The Register Guard (Eugene, OR)

Dilemma upon Delivery

Byline: Andrea Damewood The Register-Guard

The call to paramedics came at 8:10 p.m., the instant midwife Anita Rojas realized the head of the breech baby she was delivering was stuck.

Twenty-one-year-old Kelsie Koberstein was swept up by medics in a blur of pain and fear.

Rojas rode in the front of the ambulance, with Koberstein's mother and best friend rushing behind in their car.

"I felt kind of halfway outside myself," Koberstein recalled. "That was the only way I could cope with the pain, which was so bad, it was beyond pain.

"My nerves were shooting pain out of my toes."

On her back, her legs pushed up as high as they could go, she clutched the hand of a paramedic as if he were her only anchor to reality.

Those minutes, so frantic for so many, ticked by slowly for her. As paramedics tried to wrest the baby out, Koberstein said she could sense the small life, still partially within her, beginning to fade. She began "letting him go, in a way."

At Sacred Heart Medical Center, the on-call emergency room obstetrician-gynecologists, Drs. Elizabeth McCorkle and Brant Cooper, wasted no time.

As they instructed paramedics over the hospital radio, they learned this birth was going to be as difficult as they come: It wasn't just a breech birth, but a "footling" - where a foot emerges first.

Just a few centimeters in width, a tiny foot might not open the cervix wide enough to allow the baby's head and umbilical cord to pass through. If the head becomes trapped, the baby could quickly suffocate.

When medics pulled up to the doors, the doctors leapt into the back, refusing to squander precious seconds bringing Koberstein inside. The doctors had to turn Lucian's head 180 degrees in order to free him, a move that took at least 20 minutes.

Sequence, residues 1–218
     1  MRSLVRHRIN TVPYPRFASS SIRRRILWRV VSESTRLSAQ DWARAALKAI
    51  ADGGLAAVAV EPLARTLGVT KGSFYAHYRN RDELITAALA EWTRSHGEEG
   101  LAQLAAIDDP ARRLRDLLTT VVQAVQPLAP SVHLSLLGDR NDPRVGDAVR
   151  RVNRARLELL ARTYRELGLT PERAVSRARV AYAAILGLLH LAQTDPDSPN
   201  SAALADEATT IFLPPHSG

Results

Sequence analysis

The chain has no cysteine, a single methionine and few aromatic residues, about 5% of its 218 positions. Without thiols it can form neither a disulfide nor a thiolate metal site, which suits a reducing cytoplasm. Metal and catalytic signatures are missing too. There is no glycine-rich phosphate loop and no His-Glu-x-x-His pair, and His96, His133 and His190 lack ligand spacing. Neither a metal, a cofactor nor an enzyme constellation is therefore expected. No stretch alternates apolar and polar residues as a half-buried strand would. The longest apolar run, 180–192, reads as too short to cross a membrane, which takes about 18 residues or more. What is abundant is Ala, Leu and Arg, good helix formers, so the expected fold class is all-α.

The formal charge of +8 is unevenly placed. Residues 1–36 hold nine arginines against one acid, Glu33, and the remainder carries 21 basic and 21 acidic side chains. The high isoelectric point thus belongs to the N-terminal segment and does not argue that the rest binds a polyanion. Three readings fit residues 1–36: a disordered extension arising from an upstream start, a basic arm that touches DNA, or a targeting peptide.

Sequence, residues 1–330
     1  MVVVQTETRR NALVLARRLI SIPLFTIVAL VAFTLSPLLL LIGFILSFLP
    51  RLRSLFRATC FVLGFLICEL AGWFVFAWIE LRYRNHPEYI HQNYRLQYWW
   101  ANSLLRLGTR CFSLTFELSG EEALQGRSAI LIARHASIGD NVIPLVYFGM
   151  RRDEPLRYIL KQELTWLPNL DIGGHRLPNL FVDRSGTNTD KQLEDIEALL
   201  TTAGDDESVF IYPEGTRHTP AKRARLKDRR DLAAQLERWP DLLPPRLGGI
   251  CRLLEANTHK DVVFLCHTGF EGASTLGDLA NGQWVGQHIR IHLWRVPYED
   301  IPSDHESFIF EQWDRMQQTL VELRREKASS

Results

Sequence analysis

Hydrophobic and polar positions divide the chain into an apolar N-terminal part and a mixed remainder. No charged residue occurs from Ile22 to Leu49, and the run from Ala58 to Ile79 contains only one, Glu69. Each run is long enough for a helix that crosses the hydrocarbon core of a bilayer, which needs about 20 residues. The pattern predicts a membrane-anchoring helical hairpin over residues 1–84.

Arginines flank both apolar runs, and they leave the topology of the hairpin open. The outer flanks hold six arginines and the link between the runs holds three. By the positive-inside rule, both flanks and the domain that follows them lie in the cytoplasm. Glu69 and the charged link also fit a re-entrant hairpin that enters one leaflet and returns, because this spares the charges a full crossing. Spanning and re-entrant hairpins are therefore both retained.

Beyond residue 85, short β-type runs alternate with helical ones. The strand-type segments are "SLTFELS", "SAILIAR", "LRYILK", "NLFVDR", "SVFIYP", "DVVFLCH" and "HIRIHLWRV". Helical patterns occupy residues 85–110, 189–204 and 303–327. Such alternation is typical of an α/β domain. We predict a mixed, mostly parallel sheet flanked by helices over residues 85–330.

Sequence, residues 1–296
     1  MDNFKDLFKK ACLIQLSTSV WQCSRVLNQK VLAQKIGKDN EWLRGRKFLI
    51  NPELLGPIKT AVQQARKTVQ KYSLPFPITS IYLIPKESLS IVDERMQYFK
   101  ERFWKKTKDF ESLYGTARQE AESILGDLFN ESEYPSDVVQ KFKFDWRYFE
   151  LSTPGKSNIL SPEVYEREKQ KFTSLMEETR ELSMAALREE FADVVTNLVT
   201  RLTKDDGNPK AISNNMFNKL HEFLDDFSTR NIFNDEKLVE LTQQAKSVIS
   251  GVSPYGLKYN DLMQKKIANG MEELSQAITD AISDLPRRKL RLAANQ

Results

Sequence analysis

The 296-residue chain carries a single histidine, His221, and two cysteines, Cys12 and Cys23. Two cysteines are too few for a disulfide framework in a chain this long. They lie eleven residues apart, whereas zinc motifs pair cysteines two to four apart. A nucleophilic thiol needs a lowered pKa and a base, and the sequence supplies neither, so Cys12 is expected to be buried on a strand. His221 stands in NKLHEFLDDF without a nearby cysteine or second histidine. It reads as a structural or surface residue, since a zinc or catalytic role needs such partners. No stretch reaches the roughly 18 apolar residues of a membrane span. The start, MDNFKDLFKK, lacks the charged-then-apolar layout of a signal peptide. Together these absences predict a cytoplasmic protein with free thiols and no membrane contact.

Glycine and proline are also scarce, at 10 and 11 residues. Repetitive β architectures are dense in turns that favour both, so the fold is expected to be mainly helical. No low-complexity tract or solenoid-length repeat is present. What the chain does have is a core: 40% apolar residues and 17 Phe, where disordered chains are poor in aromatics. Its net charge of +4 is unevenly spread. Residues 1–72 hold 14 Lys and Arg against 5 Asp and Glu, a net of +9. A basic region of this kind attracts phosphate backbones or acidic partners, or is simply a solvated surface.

By then it was too late.

The infant was dead.

"Everybody was just deflated," said McCorkle, an OB-GYN with 11 years of experience. "Everybody was sad, and kind of shocked. I didn't know what to do."

Differences in perspectives

Koberstein named her boy Lucian Blaize - a name that means illumination. And in his death, he has cast a spotlight on the mistrust between many doctors and midwives.

Lucian's breech birth was so risky that most doctors and midwives would have insisted he be delivered by Caesarean section. But Koberstein's midwife attempted a vaginal delivery, a move that the two emergency room doctors believe killed him.

The Lane County district attorney's office investigated whether Rojas was criminally responsible for the failed June 15 birth, but the case was not prosecuted because the baby was born dead. Cooper filed a complaint against her with the state Board of Direct Entry Midwifery, which oversees licensed midwives.

Koberstein stands by her midwife. Also lining up behind Rojas are experienced midwives who believe the decision about how to bring a child into the world rests solely with the mother and her care provider.

What doctors and midwives do agree on is that low-risk labor - generally defined as a head-first birth with no foreseeable complications - is equally safe when performed in a hospital or in a home.

The consensus ends there.

A mother-to-be's options

Koberstein, a mellow woman with short, choppy strawberry-blond hair, discovered the pregnancy two weeks after missing her period last September. …

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